Here’s an overview of final, unofficial results for contested races in Tuesday’s coronavirus-delayed, chiefly mail-in Ohio primary election. Official results to be released May 8 could change the outcome of closer races based on volume of valid postmarked mail-in ballots received after the close of polls and provisional ballots cast Tuesday.


11th District: Democratic incumbent Marcia Hood soundly defeated three challengers; Jonah Schulz led Laverne Gore by 8 percentage points with 47.6% of votes in the Republican race, with Shalira Taylor running a distance third.

13th District: Democratic incumbent Tim Ryan, who ran unopposed, will face Republican Christina M. Hagan in November. Hagan led the seven-person race with 65.6% of votes; her nearest challenger, Louis G. Lyras, gathered only 12.4% of votes. Libertarian Michael Fricke also will appear on the November ballot.

14th District: Republican incumbent David P. Joyce coasted with 83% of votes over Mark Pitrone. Hillary O’Connor Mueri ran unopposed for the Democratic nod.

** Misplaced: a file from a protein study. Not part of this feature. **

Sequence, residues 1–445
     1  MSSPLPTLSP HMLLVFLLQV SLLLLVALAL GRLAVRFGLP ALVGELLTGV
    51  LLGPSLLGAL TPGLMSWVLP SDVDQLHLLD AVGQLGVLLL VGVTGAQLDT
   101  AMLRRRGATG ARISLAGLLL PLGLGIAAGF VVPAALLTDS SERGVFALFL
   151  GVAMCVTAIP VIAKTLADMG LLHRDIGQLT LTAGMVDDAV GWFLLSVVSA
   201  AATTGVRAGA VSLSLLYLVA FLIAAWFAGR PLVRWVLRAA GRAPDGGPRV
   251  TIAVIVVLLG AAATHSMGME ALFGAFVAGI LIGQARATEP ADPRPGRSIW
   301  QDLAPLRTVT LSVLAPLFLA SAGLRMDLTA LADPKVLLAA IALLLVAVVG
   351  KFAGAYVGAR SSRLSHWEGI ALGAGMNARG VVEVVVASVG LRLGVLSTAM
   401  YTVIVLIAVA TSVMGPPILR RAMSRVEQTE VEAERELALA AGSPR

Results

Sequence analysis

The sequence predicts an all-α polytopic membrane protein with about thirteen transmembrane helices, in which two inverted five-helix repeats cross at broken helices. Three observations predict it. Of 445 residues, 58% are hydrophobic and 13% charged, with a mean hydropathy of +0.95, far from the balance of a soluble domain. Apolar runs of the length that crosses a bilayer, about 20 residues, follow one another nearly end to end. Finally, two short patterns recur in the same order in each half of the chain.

16th District: Unopposed Republican incumbent Anthony Gonzalez will face Democrat Aaron Paul Godfrey in the general election. Godfrey led Ronald Karpus III with 69.6% of votes.


36th District: Democrat Matt Shaughnessy led A.J. Harris by a 2-to-1 ration, and will face Bob Young in the race to fill the seat being left vacant by Republican Anthony DeVitis (who was ran unopposed for a Summit County Council seat).


Court of Common Pleas/Domestic Relations: Democrat Kani Hightower led with 64.2% of the vote to defeat Margaret Scott; Hightower will face Republican incumbent Katarina Cook in November.

Sheriff: Democrat Kandy Fatheree held a wide lead against Dale A. Soltis, John R. Peake Sr. and Pat Hunt Sr. She will face Republican Shane Barker in the November race to replace retiring Democrat Steve Barry.


Springfield Township: Issue 5 was cruising toward passage, leading with nearly 60% of votes.

Coventry Schools: Issue 8 won 59.4% of votes on its way to likely passage.

Manchester Schools: Issues 9 and 10 picked up roughly the same percentage of votes in favor and appeared likely to pass.

Summit Metro Parks: Issue 11 gathered an assured win with 73.4% of the vote.